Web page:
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  • Freezing Point

    Freezing Point

    ★★★★

    Freezing Point is a powerful exploration of humanism from the pen of author Ayako Miura, whose works were often largely influenced by Christianity. However aside from its preoccupations with 'sin', Freezing Point focuses primarily on morality within a family unit, in more ways than one - the film often lingers too uncomfortably on its near-positive attitude toward incest, but thankfully stays within the bounds of implication.

    What starts as a complex but sinister plot between husband and wife expands into…

  • The Spider-Man

    The Spider-Man

    ★★½

    Apart from the (two) kitschy TV series produced in the 70s, this is one of the only film adaptations of Rampo's "The Spider-Man" (Kumo Otoko) in existence, so it's a pity it's such a poor piece of cinema. 
    The pacing is both slow and unnecessarily fast, with odd cuts and over-explanatory snippets of dialogue. It's all presented with a kind of dramatic silliness, which makes it terribly insensitive to the tone of the story itself - a tale of an…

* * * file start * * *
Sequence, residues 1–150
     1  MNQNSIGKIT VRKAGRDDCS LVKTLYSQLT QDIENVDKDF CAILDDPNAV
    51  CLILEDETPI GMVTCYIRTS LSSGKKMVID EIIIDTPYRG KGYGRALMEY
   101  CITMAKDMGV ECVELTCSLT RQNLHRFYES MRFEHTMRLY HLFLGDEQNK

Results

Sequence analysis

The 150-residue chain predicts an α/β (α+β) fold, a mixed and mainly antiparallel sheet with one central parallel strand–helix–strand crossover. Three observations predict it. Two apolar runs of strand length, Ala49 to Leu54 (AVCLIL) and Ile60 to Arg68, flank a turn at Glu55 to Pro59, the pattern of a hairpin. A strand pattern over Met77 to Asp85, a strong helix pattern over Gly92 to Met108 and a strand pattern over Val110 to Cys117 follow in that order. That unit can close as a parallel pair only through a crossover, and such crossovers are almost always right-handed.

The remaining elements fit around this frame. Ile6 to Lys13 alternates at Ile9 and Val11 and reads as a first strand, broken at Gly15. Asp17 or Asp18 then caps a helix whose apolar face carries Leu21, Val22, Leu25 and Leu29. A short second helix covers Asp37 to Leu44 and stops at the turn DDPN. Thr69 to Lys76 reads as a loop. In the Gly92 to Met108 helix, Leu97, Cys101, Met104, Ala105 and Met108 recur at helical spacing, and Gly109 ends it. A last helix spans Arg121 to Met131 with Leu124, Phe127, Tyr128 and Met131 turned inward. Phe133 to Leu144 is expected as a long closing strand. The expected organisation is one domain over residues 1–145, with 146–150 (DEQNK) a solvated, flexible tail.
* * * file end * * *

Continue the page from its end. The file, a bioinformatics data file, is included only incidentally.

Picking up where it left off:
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  • Twenty-Four Eyes

    Twenty-Four Eyes

    ★★★★★

    It's thirty minutes too long, over-melodramatic and way too sentimental, but I'll be damned if I can think of the last time a movie made me weep like this one did. Keeping in mind that Japan has a long history of people proclaiming how a full moon brought them to tears - one only has to skim through the country's vast body of ancient literature to get an idea - it's understandable that the Japanese people have an affinity with…

  • The Night Is Short, Walk on Girl

    The Night Is Short, Walk on Girl

    ★★★★½

    Masaaki Yuasa very seldom makes a misstep, and 夜は短し歩けよ乙女 (The Night is Short, Walk On Girl) is not one of them.
    He continues to expand on the inventive style he explored in The Tatami Galaxy, but this time with only 90 minutes to do it in - however the manic pace that Yuasa's works are usually characterised by settles in nicely considering the 'single-night' narrative layout (something I hadn't actually realised when reading the book) here as well. Although there…